Foam Lake Birding No. 37

No. 37
Last week I implied that I would be writing only about birds of the Rio Grande Valley. Well, we went on a boat tour of the marshes of the Aransas National Wildlife Preserve and saw one of North America’s rarest and most spectacular birds – the Whooping Crane. Promise broken!
In the first half of the last century, the Whooping Crane population reached an all time low of seventeen birds – by some counts. There was serious discussion as to whether to save the cranes or let them die out. Some even proposed that the Whoopers should be killed off so that the few remaining birds could be mounted as stuffed specimens perpetuating the memory of an extinct species! This is what unintentionally happened to the Carolina Parakeet, Great Auk, Ivory Billed Woodpecker and Passenger Pigeon among others (the Ivory Billed Woodpecker is reportedly not extinct as previously thought, although there is some debate about the sightings). Fortunately, it was decided to save the cranes.
At present, there are about 500 Whoopers overall with about 300 of those in the wild. The remaining 200 are maintained in captivity and used as breeding stock to ensure the survival of the cranes in case of a disaster to the wild flock.
At present, there are two separate wild flocks. By far the largest flock nests in northern Alberta in Wood Buffalo National Park and winters in the Aransas Preserve along the coast of southern Texas. A smaller flock has been established in Wisconsin and winters in Florida. This smaller flock appears to be successful as young have been reared in the wild. Other flocks are planned, but the process is very slow. It is essential to have several migratory flocks so that if a disaster (like a hurricane) strikes, at least some of the flocks will be safe and perpetuate the species.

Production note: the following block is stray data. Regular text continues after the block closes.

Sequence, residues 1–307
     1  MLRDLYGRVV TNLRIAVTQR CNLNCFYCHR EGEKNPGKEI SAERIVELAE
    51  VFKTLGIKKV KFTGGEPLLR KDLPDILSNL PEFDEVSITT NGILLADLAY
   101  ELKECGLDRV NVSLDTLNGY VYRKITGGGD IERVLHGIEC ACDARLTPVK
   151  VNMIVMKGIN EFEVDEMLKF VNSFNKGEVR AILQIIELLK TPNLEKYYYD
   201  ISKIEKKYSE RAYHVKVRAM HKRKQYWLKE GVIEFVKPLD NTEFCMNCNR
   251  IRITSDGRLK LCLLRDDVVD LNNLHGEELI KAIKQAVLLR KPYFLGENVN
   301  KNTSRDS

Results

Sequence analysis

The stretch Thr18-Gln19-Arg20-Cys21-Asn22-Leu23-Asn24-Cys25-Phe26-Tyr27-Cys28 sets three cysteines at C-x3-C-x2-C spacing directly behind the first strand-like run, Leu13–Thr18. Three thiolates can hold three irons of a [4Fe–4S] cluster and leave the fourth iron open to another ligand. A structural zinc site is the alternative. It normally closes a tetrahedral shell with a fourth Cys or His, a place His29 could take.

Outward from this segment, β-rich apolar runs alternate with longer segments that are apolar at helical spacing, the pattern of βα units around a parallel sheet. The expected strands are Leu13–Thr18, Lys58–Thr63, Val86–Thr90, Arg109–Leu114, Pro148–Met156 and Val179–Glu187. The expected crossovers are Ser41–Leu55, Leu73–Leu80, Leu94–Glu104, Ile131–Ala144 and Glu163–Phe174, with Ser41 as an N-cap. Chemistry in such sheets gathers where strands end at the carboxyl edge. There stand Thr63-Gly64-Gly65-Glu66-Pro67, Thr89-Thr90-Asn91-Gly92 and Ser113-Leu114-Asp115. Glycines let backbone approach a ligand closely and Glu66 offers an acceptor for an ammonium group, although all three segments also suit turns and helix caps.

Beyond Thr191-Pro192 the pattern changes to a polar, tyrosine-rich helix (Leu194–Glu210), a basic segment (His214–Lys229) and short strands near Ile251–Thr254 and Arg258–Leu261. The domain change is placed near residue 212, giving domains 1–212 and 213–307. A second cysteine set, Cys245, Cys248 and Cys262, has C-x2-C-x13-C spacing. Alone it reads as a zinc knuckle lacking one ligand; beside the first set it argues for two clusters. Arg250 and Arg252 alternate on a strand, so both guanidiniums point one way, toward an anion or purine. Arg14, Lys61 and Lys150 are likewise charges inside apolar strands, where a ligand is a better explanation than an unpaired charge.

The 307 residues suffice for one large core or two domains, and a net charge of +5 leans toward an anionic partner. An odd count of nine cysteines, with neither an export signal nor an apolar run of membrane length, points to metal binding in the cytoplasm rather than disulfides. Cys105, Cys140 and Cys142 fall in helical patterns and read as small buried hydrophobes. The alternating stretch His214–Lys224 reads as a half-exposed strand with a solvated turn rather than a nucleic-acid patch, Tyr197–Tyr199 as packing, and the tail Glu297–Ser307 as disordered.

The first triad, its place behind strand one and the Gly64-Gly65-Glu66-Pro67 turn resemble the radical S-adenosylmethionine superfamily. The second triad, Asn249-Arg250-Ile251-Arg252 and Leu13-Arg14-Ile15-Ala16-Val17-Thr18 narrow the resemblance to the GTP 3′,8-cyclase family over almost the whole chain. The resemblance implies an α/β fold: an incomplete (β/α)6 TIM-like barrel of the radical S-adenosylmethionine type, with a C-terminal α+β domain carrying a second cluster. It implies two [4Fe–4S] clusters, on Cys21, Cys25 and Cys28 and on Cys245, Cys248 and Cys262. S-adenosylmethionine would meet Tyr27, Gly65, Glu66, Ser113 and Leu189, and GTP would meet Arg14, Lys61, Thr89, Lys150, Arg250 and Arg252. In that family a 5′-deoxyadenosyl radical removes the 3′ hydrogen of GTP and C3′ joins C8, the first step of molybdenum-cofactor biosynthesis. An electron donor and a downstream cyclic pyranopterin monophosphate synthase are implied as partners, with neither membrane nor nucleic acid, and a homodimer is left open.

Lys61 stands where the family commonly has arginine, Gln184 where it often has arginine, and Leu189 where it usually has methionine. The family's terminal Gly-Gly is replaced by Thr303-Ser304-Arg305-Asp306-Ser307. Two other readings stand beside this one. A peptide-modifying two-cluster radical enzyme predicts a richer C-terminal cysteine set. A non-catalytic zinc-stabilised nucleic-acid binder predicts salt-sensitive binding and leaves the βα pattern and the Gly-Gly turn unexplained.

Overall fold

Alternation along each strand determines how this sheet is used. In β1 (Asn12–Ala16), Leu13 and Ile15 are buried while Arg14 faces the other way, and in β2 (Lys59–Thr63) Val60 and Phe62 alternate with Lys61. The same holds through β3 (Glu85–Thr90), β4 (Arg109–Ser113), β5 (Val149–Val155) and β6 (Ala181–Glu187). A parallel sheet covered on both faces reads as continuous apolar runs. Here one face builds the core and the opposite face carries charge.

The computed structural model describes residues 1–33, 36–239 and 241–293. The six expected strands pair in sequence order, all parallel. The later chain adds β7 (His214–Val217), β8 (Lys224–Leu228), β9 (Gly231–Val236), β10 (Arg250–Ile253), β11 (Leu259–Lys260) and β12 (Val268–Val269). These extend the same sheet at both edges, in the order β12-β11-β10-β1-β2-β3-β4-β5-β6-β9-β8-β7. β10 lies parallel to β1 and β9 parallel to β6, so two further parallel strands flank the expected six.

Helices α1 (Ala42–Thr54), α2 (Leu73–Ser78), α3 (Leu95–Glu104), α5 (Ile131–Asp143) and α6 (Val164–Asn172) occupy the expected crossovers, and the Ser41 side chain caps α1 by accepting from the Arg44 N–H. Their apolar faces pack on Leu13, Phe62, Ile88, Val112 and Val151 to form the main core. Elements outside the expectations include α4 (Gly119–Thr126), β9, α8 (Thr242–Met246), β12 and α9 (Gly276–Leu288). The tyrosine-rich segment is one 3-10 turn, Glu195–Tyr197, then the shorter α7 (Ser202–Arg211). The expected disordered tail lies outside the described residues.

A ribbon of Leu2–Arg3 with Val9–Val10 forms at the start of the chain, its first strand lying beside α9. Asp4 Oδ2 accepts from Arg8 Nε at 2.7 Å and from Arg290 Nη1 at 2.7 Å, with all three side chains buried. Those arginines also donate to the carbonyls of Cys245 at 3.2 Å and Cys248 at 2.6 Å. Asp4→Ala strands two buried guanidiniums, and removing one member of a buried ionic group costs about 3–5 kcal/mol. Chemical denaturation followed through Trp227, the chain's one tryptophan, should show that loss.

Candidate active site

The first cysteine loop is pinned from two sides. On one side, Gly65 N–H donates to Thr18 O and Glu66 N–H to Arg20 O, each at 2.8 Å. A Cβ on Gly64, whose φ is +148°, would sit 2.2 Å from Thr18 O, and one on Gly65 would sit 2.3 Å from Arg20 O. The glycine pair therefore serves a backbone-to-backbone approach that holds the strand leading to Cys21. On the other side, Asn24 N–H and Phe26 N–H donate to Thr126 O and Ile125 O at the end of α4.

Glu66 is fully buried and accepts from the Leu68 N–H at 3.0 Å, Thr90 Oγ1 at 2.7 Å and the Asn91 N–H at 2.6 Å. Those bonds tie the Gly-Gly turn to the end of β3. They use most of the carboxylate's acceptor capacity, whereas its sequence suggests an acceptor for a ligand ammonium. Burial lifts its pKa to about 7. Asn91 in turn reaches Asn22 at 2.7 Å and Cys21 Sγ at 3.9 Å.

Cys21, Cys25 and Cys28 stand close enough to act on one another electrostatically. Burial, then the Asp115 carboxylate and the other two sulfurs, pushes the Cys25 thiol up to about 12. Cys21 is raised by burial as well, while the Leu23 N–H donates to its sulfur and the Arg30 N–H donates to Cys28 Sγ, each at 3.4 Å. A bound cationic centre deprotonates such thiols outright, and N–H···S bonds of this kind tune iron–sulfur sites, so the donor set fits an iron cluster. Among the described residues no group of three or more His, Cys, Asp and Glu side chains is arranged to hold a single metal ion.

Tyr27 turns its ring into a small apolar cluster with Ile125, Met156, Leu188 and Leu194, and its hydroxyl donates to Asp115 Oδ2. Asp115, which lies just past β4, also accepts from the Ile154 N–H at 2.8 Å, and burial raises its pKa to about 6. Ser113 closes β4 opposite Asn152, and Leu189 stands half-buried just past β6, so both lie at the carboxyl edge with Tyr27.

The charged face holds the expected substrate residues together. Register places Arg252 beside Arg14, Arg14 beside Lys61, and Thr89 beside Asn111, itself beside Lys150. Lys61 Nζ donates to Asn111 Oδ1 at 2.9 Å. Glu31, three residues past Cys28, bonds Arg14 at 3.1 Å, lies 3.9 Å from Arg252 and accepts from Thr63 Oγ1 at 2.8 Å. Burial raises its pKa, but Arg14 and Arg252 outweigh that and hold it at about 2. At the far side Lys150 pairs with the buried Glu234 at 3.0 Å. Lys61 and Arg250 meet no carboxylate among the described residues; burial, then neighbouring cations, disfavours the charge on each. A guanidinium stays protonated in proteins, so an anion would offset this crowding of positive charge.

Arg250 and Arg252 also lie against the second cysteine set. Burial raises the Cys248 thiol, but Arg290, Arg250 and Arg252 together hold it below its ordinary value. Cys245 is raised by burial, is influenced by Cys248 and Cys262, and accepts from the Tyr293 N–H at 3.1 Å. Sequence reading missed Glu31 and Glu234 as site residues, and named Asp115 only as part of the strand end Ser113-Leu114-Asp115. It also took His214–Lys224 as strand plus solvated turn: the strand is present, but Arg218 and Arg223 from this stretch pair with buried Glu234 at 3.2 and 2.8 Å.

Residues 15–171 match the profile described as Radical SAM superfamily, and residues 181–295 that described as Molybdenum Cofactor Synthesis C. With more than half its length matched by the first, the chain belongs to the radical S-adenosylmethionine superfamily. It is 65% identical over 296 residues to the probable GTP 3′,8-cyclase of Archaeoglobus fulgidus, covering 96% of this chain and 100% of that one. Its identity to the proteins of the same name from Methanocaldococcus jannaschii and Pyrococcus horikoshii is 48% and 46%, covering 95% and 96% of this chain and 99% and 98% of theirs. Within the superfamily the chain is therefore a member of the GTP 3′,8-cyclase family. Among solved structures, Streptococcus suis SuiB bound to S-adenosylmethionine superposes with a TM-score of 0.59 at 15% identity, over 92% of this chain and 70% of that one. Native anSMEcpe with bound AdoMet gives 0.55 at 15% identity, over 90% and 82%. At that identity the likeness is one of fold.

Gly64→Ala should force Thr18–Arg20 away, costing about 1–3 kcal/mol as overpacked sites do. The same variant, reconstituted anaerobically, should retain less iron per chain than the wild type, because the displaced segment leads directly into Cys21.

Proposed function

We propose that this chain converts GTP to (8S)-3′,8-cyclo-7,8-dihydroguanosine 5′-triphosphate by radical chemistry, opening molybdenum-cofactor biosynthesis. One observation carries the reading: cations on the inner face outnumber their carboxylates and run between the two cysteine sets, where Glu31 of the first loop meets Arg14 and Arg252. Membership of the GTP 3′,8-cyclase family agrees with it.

Unlike its smaller close cousin, the Sandhill Crane, the Whooper does not flock for migration or for any other reason. It is always territorial even on its wintering grounds, whereas, the Sandhill migrates and winters in vast flocks in the southern USA. This means that the Whoopers need vast amounts of favourable habitat for nesting and wintering. In short, habitat for its survival is not easy to procure and establish. Unless it changes its habits (like the raven or Canada Goose) it will probably never be common.
Physically, the Whooping Crane is North America’s largest bird (the heaviest is the Trumpeter Swan). It is pure white with black legs, wing tips and a kind of mask around the bill, and a bald red patch on its forehead (similar to a chicken or turkey). In flight it extends its legs backward and its neck forward. It looks like a white cross with black on all of its extremities. Once seen it is unmistakable. Males and females are identical. However, some other birds are often misidentified as Whooping Cranes. The three are: the White Pelican (neck and legs are not stretched out, but tucked in so the bird looks pudgy); the Trumpeter and Tundra Swans (wings are pure white – no black tips). .
Whoopers fiercely protect themselves and their young, and are fully capable of fending off a fox or coyote. In fact, the banding of Whoopers was discontinued because of the damage wreaked by the cranes on the banders.
This week’s picture shows a family unit of two parents and one youngster. The young one has a lot of rusty brown on it, especially on its head and neck. (I know, your picture is not coloured). The youngster is the one in the middle trying to eat a fish it has caught, but knows not how to eat it! Until next time, adios.